I am familiar with many narratives by parents of autistic children and found that most fell into two categories-- the ones in which the parents, after searching long and hard, finally discover a "cure" for autism -- a particular diet, therapy, or mechanism -- or the ones that described the trials and tribulations of raising an autistic child. In truth, autism has no cure, although some interventions can help. Children who are truly autistic remain that way for their lives because it is a lifelong affliction. So I wrote a book about Jenny's gifts and strengths -- her creativity, and her love of travel, her special relationship to animals, and her tremendous capacity for enjoying life. Although I am writing about the particular, I think the book offers assurance to other parents of autistic children who have not found "the cure" -- that autism notwithstanding, their children can live happy, fulfilled, and productive lives.

 

Carolyn: I understand that you are looking for a publisher for this new book. What means are using to find one?

Marlena: Old fashioned ones. I am sending out manuscripts --first to agents and publishers. Several agents are still considering the book -- but they take an age to review so I have gone directly to publishers.

It is a hard search. But I am prepared to search out smaller presses -- and do what I can to get this book in print because I think it is a worthy story -- Jenny's story.

 

Carolyn: Obviously A Portrait of Jenny is nonfiction. Do you consider it a biography? A memoir? A cross-genre? Once published, what do you feel readers will gain from it?

Marlena: I suppose technically it's a memoir -- I would call it 'creative nonfiction,' as it includes both dialogue and narrative. In my response to the question immediately preceding this, I described how I think parents of other autistic children -- especially young children - could benefit from this book. But parents of any child deemed 'special" especially those who are attention deficit, have Tourette's Syndrome, or any other severe learning or communication disability, would also be able to identify with Jenny's -- and my -- story. I think professionals who work with special kids could also benefit But because autism has become so prevalent and has been depicted often (if incorrectly) in the popular media -- in films such as Rain Man and others, I think many people in the general population would be interested in the story of a 'true' autistic person. It might help to dispel many of the myths that still abound today.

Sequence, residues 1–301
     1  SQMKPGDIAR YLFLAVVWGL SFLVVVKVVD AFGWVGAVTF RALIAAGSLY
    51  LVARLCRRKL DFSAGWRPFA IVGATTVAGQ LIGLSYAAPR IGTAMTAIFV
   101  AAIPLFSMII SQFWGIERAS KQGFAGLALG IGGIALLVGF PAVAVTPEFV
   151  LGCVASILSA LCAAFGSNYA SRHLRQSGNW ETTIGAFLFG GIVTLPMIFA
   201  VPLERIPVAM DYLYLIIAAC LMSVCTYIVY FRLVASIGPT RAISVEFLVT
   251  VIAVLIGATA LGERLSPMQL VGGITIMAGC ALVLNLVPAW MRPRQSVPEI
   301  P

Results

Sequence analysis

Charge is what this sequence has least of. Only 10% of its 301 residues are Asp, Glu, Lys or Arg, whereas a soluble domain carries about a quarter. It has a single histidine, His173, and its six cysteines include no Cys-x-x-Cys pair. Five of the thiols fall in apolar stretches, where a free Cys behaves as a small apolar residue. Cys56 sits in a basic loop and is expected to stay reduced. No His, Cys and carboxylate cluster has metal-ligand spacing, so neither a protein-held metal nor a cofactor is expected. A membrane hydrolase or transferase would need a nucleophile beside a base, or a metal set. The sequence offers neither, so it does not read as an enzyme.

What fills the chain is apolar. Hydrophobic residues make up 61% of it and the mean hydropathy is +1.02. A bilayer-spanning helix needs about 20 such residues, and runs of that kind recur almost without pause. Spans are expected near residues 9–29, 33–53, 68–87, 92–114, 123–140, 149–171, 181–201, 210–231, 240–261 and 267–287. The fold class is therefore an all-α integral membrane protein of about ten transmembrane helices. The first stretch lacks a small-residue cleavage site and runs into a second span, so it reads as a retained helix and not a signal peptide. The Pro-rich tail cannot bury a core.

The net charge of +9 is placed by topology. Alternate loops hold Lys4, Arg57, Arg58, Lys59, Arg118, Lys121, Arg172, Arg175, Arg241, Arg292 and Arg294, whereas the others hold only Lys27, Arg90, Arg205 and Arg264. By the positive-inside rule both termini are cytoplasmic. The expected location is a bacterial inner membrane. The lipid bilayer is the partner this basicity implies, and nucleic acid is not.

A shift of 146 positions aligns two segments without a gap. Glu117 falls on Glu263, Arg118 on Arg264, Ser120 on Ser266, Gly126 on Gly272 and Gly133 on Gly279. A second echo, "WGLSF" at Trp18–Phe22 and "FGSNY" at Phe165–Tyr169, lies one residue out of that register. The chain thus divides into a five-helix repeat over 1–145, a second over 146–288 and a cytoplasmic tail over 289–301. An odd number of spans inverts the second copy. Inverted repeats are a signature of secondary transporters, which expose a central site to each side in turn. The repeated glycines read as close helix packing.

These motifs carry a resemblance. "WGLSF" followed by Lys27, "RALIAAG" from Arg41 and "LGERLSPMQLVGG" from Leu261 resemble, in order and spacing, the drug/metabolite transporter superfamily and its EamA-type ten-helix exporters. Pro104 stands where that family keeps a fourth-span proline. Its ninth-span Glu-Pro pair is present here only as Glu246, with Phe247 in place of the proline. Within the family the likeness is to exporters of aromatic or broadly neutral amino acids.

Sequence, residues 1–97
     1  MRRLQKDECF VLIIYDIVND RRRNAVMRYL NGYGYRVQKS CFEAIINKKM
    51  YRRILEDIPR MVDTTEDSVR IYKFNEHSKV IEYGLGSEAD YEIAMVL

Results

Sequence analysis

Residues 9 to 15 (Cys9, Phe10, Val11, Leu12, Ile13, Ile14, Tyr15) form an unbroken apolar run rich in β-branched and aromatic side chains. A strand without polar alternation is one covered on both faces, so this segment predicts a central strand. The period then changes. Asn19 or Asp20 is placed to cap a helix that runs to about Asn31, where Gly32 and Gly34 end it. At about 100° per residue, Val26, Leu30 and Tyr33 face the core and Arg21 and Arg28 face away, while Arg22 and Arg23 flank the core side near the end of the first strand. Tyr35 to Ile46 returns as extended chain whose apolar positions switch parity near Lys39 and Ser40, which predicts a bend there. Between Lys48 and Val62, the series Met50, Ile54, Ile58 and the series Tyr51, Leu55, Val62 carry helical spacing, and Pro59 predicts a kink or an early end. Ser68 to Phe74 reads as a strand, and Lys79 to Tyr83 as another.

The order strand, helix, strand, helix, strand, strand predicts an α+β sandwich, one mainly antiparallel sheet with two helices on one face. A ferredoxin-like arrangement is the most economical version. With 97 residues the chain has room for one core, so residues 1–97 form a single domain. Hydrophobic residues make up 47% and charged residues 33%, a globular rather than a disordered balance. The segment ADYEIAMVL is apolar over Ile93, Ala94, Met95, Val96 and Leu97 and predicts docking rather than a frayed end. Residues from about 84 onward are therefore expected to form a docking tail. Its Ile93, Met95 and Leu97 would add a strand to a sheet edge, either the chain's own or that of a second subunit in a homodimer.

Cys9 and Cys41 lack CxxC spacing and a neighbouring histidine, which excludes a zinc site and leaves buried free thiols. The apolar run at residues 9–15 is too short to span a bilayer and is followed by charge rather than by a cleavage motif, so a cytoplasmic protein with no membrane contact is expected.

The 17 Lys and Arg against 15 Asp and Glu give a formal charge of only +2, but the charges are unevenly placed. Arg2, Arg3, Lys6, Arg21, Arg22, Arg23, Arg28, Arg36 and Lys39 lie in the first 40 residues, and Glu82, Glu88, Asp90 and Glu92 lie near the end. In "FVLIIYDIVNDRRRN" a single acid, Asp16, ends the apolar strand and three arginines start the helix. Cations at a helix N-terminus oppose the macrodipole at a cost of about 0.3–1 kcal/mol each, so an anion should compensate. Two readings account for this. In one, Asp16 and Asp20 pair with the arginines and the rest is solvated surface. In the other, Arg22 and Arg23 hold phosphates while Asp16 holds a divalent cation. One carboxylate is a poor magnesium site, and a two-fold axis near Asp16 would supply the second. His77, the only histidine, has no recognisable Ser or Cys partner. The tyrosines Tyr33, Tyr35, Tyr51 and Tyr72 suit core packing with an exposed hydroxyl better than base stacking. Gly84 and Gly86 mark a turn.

Carolyn: I have this theory that though fiction writers like to tell a good story, there is nothing that is written that is "pure fiction," just as there is nothing ever written that is "pure truth." Everything gets filtered through the writer and the reader with, possibly, a few layers of interpretation between the two. Bookselling is part of your life, just as it is part an important part of your protagonist's, life. What do you see as the similarities and differences between your protagonist and yourself?

Marlena: Jenny, my protagonist, has a lot of 'me' in her. But she has more confidence than I have. Although she was orphaned as a child, her family -- her grandparents and uncles -- were very caring and protective. She was not neglected. I believe confidence is created in the very early years of childhood. My own childhood was a different affair and so although I may seem confident, I am not. Jenny is how I am perceived -- but am not.

We are both naive in that we believe that somehow, justice will prevail. Even though I know it does not, on some level, I have never relinquished this belief.

 

Carolyn: If you could tell your boss (a bookseller) one thing about writers or books that you think he or she doesn't know, what would it be?

Marlena: There are likely more worthy books that haven't been accepted for publication by mainstream publishers than all those sold by all the main book companies put together.

 

Carolyn: If you had only 25 words to advise a young writer, what would you tell her?

Marlena: Write about those things for which you have a passion.

 

Carolyn: What advice would you give women about choosing writing as a career?

Marlena: I would say to try and use rejection letters to one's benefit rather than to allow them to crush the spirit. As a young woman, I was often devastated by callous or cold rejection letters. If an editor takes time to be specific -- after I spend a day or so fuming and pouting, etc., I re-read the letter and pay attention to the critique -- sometimes I'm able to use it to improve my writing.